‘The man in the beaver coat:’ 100th-birthday celebration lasts 4 days

Allison Arthur aarthur@ptleader.com
Posted 3/14/17

Richard Konizeski had four parties last week to celebrate his 100th birthday on March 10, including one at Don’s Soda Fountain, where he frequently goes to visit with friends.

One of those …

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‘The man in the beaver coat:’ 100th-birthday celebration lasts 4 days

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Richard Konizeski had four parties last week to celebrate his 100th birthday on March 10, including one at Don’s Soda Fountain, where he frequently goes to visit with friends.

One of those friends, Barbara Blowers, met him three years ago when he was waiting for a taxicab to take him home to Cape George. He’d been waiting for more than an hour. Blowers offered him a ride since his home was on her way home at Beckett Point.

And, since then, she’s been bringing Konizeski to town four, five, maybe six times a week.

“So we go out to lunch. We go to Don’s, The Belmont. Sometimes we go to Chinese and sometimes Point Hudson Cafe,” said Blowers, 71, who does not expect to retire anytime soon as broker of Waves Waterfront Properties, which has an office around the corner from Don’s.

“We’re very good friends and we do a lot of laughing,” she said of Konizeski.

THE BEAVER COAT

Most people who see Konizeski might not know him – he’s more of a reader than a talker – but Blowers said a lot of people probably recognize “the man in the beaver coat.”

Konizeski has been wearing that beaver coat every cold winter for more than half of his life, Blowers learned. He bought it in Missoula, Montana, where he was a professor of water resources at the University of Montana.

“He bought it in a store in Missoula in the 1950s. It’s beaver,” said Blowers, helping in an conversation by phone because Konizeski is hard of hearing.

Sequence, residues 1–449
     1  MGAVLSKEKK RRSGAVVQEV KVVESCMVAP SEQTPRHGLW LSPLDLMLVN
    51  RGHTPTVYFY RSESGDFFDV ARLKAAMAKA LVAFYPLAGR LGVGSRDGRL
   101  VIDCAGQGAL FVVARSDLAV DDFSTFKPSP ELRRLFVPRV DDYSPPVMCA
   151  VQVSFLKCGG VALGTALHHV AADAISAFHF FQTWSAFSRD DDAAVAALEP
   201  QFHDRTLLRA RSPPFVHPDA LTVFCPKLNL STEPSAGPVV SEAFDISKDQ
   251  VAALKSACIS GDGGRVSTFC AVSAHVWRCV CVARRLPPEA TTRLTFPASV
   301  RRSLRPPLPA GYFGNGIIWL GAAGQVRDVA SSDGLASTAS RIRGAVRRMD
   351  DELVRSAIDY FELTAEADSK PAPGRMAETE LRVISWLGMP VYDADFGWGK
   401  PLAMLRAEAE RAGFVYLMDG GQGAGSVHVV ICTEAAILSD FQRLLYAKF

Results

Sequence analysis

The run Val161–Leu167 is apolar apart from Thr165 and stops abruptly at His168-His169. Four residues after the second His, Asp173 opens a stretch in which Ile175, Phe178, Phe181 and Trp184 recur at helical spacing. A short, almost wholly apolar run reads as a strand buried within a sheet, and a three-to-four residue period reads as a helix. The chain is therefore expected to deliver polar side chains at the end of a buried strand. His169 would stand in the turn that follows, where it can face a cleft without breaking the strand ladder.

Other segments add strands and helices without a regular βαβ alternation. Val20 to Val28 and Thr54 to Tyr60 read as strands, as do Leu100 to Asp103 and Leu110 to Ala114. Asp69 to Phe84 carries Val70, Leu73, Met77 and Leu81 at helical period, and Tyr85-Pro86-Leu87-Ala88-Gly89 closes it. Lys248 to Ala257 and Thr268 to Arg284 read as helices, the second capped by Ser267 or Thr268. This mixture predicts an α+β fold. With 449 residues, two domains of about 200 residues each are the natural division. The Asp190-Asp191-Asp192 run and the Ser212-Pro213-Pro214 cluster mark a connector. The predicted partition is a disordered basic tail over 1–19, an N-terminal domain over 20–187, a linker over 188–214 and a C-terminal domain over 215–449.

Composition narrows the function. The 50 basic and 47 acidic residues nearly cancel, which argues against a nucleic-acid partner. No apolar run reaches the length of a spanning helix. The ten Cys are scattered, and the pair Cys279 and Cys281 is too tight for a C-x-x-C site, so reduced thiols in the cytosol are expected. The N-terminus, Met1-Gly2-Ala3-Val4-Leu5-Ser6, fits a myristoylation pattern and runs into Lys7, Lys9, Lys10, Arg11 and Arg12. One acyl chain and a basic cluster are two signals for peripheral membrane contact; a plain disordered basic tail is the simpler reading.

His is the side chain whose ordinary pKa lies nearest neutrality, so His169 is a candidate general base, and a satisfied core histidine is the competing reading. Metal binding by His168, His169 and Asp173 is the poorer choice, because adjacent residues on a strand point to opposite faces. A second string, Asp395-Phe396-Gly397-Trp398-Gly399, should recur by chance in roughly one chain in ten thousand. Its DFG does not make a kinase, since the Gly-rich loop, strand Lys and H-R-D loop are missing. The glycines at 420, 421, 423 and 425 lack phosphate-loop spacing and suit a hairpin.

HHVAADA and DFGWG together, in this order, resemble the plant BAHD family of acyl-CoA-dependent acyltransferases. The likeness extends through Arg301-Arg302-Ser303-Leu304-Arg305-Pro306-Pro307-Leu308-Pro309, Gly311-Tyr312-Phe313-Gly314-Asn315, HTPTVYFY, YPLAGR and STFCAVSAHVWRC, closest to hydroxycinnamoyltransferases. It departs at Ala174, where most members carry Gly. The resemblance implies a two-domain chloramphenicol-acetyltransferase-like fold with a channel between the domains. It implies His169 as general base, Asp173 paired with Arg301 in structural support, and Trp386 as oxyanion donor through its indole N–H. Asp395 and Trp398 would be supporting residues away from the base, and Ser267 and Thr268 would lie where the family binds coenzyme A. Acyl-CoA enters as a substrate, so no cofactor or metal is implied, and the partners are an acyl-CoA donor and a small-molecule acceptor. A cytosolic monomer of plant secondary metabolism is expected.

“This year, he was glad he had it in Port Townsend,” said Blowers of the warm coat and the cold winter.

“Not very many people in Port Townsend know him, but a lot of people recognize the coat,” said Blowers.

After she brings him to town, Blowers said, Konizeski walks around downtown, browses the bookstores, and waits for her until she’s ready to go home. Otherwise, the trip in a taxi between his home and Port Townsend might cost him as much as $22 one way, she said.

Konizeski likes to read – newspapers in particular and The New York Times specifically – so he tends to gravitate to wherever there are newspapers, she said.

THE PARTIES

At Don’s, his friends made him a cake and sang to him. He also received a birthday card signed by 100 people.

A group of his students from Montana showed up and had a party for him as well, at the Bee Hive Restaurant in Montesano. Some of them were in their 80s, Blowers said. A friend who used to teach with him came from North Carolina to honor him.

His daughters, Susan and Shirley, also threw him a soiree. And then there was another party as well, Blowers said.

A LITTLE HISTORY

Born in Eastern Washington, Konizeski attended grade school in Long Beach, Washington. He then moved to Everett, where he graduated from high school, Blowers said.

He did odd jobs until World War II, when he got a job at a foundry and then saved up enough money to go to Washington State University, from which he graduated in 1955. He went on to earn a Ph.D. at the University of Chicago and then taught at the University of Montana until 1979, she said.

Konizeski and his wife, Ruby, bought a sailboat and traveled all over the West Coast, Blowers said, before they settled in Cape George.

As for how he’s gotten to be 100 years old, Blowers answered that easily. “Genetics,” she said. “His dad died at 95.”

Asked to ask Konizeski what the secret to old age is, she said that he said, “I had a wonderful life.”

Then she shared that, in addition to enjoying reading, Konizeski never smoked or drank and he loves to walk. He just needs a ride from his home to get to Port Townsend to do that.

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